(1) The Korea National Health and Nutritional Examination Survey.
Table 2. Characteristics of the respondents (Number of female: 93).
Table 2. Characteristics of the respondents (Number of female: 93).
CharacteristicsNumber (%)
Total patients93(100.00)
Age (years)
20–2916(17.20)
30–3932(34.41)
40–4929(31.18)
50–5914(15.05)
Over 603(3.23)
Sex (Female)93(100.00)
Education
Elementary school1(1.08)
Middle school1(1.08)
High school18(19.35)
College or University55(59.14)
Graduate or higher18(19.35)
Marital status
Married71(76.34)
Divorced/widowed5(5.38)
Single17(18.28)
Type of work
Student10(10.75)
Employed or self-employed69(74.19)
Housewife11(11.83)
Unemployed3(1.08)
Retiree0(0.00)
Table 3. Test–retest reliability results.
Table 3. Test–retest reliability results.
AnalysisThe Korean Version of iPCQ
Absenteeism Time Per Month (1)Presenteeism Time Per Month × Amount of Work Efficiency (2)Time of Productivity Loss in Unpaid Work (3)
Intra-class correlation coefficient0.95 **0.92 **0.99 **
iPCQ, the Institute for Medical Technology Assessment Productivity Cost Questionnaire (1) (Item2iPCQ/Item3iPCQ) × Item4iPCQ; (2) (Item2iPCQ/Item3iPCQ) × Item8iPCQ × [(10 - Item9iPCQ)/10]; (3) Item11iPCQ × Item12iPCQ; ** p-value < 0.001.
Table 4. Concurrent validity results using the Spearman’s rank correlation.
Table 4. Concurrent validity results using the Spearman’s rank correlation.
WPAIThe Korean Version of iPCQ
Absenteeism Time Per Month (1)Presenteeism Time Per Month × Amount of Work Efficiency (2)Time of Productivity Loss in Unpaid Work (3)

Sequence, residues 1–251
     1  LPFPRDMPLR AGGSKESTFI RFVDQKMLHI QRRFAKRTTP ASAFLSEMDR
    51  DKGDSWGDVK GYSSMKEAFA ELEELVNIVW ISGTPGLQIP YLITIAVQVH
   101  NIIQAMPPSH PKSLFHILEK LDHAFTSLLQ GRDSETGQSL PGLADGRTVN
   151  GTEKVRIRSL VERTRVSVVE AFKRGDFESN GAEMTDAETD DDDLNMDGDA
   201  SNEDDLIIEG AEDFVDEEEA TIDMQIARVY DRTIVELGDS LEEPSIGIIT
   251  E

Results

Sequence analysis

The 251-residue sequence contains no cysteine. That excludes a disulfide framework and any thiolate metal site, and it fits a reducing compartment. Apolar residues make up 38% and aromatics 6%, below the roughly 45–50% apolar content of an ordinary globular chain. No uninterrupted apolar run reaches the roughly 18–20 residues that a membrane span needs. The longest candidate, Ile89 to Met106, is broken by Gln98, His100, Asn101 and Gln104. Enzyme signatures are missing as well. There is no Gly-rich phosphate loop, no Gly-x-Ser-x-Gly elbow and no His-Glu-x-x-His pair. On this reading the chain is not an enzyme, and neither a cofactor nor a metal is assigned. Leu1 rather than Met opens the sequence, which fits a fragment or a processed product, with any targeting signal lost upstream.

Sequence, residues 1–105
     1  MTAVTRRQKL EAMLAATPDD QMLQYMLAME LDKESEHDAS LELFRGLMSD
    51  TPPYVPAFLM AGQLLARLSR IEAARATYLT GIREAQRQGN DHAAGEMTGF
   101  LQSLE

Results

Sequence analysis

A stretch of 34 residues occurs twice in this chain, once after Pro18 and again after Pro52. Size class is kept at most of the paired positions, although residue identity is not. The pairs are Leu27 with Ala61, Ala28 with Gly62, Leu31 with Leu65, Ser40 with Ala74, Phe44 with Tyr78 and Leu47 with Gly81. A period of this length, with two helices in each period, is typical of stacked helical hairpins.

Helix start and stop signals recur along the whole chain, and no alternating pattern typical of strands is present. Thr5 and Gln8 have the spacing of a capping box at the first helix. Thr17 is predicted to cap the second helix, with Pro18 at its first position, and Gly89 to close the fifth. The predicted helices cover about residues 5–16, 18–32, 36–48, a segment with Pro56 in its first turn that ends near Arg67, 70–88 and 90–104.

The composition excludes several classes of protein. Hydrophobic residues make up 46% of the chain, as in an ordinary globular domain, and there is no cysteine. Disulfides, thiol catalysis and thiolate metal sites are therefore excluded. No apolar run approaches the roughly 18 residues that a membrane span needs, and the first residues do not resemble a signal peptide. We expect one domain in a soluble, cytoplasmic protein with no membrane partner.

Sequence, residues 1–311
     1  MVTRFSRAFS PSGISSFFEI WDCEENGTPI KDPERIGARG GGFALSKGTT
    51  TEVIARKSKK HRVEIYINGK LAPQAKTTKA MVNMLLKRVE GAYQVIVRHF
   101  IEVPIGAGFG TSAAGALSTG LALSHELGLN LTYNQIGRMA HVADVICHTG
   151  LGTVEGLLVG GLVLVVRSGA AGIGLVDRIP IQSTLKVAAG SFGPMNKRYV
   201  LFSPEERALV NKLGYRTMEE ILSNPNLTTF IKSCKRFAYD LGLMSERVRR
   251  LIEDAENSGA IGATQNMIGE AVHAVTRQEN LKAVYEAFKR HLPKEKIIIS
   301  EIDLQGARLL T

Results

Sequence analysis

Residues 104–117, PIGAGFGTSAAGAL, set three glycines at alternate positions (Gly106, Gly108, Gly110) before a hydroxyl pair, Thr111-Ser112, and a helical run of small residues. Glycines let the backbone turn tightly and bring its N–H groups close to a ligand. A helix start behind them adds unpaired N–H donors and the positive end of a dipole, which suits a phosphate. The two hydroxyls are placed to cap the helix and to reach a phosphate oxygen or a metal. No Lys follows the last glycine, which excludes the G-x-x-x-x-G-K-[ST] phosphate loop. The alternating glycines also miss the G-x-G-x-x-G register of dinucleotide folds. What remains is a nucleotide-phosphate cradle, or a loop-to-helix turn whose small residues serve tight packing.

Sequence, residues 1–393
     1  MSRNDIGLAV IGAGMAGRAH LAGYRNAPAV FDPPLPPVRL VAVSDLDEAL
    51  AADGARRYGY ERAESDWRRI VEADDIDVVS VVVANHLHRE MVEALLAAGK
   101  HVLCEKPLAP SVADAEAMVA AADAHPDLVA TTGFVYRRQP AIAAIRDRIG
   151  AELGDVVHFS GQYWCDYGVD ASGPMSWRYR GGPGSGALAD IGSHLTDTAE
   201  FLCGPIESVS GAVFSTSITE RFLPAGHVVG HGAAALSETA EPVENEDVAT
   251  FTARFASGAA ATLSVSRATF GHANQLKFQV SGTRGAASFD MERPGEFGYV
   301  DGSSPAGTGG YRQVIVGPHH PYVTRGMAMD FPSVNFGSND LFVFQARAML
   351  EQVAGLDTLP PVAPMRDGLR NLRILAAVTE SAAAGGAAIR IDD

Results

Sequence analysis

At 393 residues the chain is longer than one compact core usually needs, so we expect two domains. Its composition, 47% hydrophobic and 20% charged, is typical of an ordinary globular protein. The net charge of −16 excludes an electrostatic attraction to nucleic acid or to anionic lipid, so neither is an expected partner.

[Absenteeism time per week] (4)0.738 **−0.1980.062
[Presenteeism time] × [Degree health affected productivity while working] (5)0.0290.483 *0.183
[Degree of unpaid work-impairment due to health] (6)0.429 *0.0920.185
iPCQ, the Institute for Medical Technology Assessment Productivity Cost Questionnaire; WPAI, Work Productivity and Activity Impairment Questionnaire (1) (Item2iPCQ/Item3iPCQ) × Item4iPCQ; (2) (Item2iPCQ/Item3iPCQ) × Item8iPCQ × [(10 - Item9iPCQ)/10]; (3) Item11iPCQ × Item12iPCQ; (4) Item2WPAI; (5) Item4WPAI × (Item5WPAI/10); (6) Item6WPAI/10; * p-value < 0.05, ** p-value < 0.001.
Table 5. Construct validity results using Spearman’s rank correlation.
Table 5. Construct validity results using Spearman’s rank correlation.
SF-36 (Score)The Korean Version of iPCQ
Absenteeism Time Per Month (1)Presenteeism Time Per Month × Amount of Work Efficiency (2)Time of Productivity Loss in Unpaid Work (3)
Physical Functioning−0.36 *−0.10−0.21
Role Physical−0.37 *−0.39 *−0.20
Bodily Pain−0.46 **−0.45 *−0.32 *
General Health−0.38 *−0.28−0.20
Vitality−0.38 *−0.20−0.36 *
Social Functioning−0.27 *−0.52 *−0.14
Role Emotional−0.26−0.36−0.05
Mental Health−0.34 *−0.15−0.22
iPCQ, the Institute for Medical Technology Assessment Productivity Cost Questionnaire; SF-36, Short Form 36-Item health survey (1) (Item2iPCQ/Item3iPCQ) × Item4iPCQ; (2) (Item2iPCQ/Item3iPCQ) × Item8iPCQ × [(10 - Item9iPCQ)/10]; (3) Item11iPCQ × Item12iPCQ * p-value < 0.05, ** p-value < 0.001.